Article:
The Gillard Labor government recognises that the NBN is an investment in our nation's future. That investment in our nation's future is also an investment in our children's future and our grandchildren's future. The NBN network is important not only for the future of our economy but also for the lives of the people that are coming after us. The corporate plan shows a return on investment of over seven per cent, and we know from the Greenhill Caliburn report that the assumptions underlying revenue and cost projections in the NBN Co. corporate plan are reasonable. The Greenhill Caliburn report concludes that NBN Co.'s corporate plan is what it would expect to see from an Australian blue-chip company with the corporate plan providing:

… the level of detail and analytical framework that would be expected from a large listed public entity.

As recognised by Greenhill Caliburn, and those opposite through their amendment to this bill, NBN Co.'s corporate plan shows the NBN will provide all Australians with world-class broadband on a financially viable basis at affordable prices. The corpor­ate plan shows taxpayers will get their investment back with a return. The NBN will provide a rate of return significantly higher than the government bond rate, and all Australians will gain access to this world-class network.

The National Broadband Network is another reform in Labor's ever-building suite of successful reforms that are about making that better place for our children and grandchildren. This bill sees a continuation of the monotonous negativity from those opposite who seek to delay and destroy one the most valuable infrastructure projects in this nation's history—for what?—because time and time again they seek to put their short-term political advantage ahead of the long-term interests of this nation.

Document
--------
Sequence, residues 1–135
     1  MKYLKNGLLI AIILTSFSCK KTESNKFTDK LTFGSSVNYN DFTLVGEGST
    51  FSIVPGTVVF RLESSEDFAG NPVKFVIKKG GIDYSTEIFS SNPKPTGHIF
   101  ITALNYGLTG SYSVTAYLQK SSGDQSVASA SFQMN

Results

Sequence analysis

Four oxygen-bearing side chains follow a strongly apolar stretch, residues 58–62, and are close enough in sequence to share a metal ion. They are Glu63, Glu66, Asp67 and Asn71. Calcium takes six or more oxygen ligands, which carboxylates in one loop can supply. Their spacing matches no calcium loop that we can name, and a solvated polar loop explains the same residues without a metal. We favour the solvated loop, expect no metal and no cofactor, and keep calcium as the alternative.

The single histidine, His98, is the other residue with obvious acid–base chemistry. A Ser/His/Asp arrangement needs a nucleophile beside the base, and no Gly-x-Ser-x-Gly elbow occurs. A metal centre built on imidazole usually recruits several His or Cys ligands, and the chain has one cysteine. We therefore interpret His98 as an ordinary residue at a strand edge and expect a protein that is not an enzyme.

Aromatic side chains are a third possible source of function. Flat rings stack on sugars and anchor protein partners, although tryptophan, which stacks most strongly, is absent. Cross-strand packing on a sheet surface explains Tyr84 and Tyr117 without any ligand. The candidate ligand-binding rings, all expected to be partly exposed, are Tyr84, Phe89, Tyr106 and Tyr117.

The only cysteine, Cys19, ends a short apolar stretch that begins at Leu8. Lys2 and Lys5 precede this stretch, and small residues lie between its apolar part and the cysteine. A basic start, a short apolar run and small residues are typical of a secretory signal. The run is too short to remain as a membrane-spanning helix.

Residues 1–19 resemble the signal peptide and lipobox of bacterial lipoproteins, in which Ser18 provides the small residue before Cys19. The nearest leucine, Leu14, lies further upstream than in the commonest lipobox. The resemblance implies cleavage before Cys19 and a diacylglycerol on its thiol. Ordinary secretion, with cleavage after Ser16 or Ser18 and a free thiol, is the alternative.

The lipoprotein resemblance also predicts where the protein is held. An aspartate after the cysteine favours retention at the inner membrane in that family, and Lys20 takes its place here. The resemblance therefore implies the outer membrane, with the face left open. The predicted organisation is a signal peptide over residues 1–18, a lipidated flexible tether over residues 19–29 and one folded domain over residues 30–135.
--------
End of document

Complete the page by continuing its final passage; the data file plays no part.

The NBN, as I outlined earlier, is a very important structure in this country. For those people in Smithton—and I will go back to them again because I know them very well—the ability to access and have a fast broadband system is going to change their whole outlook on life. When you are faced with a closure, such as the factory where they worked, your prospects of employment in your particular region are very limited. That is what happened to the people at the factory—200 of them were made redundant. The NBN and its provision in Smithton has provided those people with some opportunities that if it were not there they would not have had. They have access to fast broadband, they have access to better medical provision through the use of the NBN and they have better opportunities for their children to access better education.

Those are the things that the NBN will deliver to not only the community of Smithton but also those other communities like Triabunna, a very isolated community on the east coast of Tasmania, which at this stage is going through some closure of industries. Again, the NBN will deliver the opportunities to those people in that community to access the outside world and get training, education, access to health care and a whole range of things that they would not have been able to have had the NBN not come to their town.

This is a very important reform. The NBN does need to be there. We need to get it up as quickly as possible for all those people in all those communities not just in my home state of Tasmania but in every regional area. Even in the cities we need it. But in the regional areas, because of the tyranny of distance and because of the lack of availability of services and access to those services, we need the NBN for people to be able to have the same opportunities that their cousins in the cities have today. Therefore, this is a very important process that the Gillard Labor government is going through, and to put up obstacles such as those opposite— (Time expired)

9:51 am

Photo of Don FarrellDon Farrell (SA, Australian Labor Party, Parliamentary Secretary for Sustainability and Urban Water) Share this | | Hansard source

I rise to oppose the National Broadband Network Financial Transparency Bill 2010 (No. 2) and want to speak to the reasons why I do not think it is appropriate for this place to pass this legislation. Having just heard Senator Urquhart's very persuasive arguments, particularly as they relate to your home state, Deputy President, I find myself in furious agreement with her on the issue.